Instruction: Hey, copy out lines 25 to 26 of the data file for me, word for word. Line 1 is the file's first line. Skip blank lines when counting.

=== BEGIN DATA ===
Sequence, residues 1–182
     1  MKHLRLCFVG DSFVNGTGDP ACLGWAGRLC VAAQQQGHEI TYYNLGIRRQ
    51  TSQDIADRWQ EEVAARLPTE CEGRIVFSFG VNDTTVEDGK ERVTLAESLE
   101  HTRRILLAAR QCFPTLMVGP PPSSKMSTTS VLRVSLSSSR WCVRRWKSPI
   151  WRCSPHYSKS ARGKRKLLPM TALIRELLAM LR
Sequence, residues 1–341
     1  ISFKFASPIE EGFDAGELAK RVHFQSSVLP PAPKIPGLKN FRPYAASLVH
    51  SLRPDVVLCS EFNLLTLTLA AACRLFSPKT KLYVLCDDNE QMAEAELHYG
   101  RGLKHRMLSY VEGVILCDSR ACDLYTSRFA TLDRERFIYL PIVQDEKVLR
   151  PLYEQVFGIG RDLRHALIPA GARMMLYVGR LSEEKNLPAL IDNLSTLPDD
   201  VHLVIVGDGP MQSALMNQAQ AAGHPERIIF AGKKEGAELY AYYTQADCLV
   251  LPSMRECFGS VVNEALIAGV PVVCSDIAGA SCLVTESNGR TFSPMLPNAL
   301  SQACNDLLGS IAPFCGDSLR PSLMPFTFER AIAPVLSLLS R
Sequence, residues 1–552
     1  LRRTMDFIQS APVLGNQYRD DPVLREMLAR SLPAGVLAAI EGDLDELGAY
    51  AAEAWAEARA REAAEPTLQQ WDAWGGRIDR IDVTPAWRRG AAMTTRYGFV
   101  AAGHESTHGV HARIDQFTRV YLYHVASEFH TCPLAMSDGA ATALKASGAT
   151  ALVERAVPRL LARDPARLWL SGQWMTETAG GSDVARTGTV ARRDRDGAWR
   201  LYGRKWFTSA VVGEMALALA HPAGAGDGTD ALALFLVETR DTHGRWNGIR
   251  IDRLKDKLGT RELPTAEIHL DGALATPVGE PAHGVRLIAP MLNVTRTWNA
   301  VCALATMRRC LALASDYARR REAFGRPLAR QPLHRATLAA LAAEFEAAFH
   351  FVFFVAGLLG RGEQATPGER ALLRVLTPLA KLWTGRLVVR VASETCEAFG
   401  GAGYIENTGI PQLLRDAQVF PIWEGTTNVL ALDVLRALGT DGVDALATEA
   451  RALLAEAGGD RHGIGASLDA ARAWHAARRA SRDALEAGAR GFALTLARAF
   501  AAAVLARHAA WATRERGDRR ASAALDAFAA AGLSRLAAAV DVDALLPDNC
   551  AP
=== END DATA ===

   501  AAAVLARHAA WATRERGDRR ASAALDAFAA AGLSRLAAAV DVDALLPDNC
   551  AP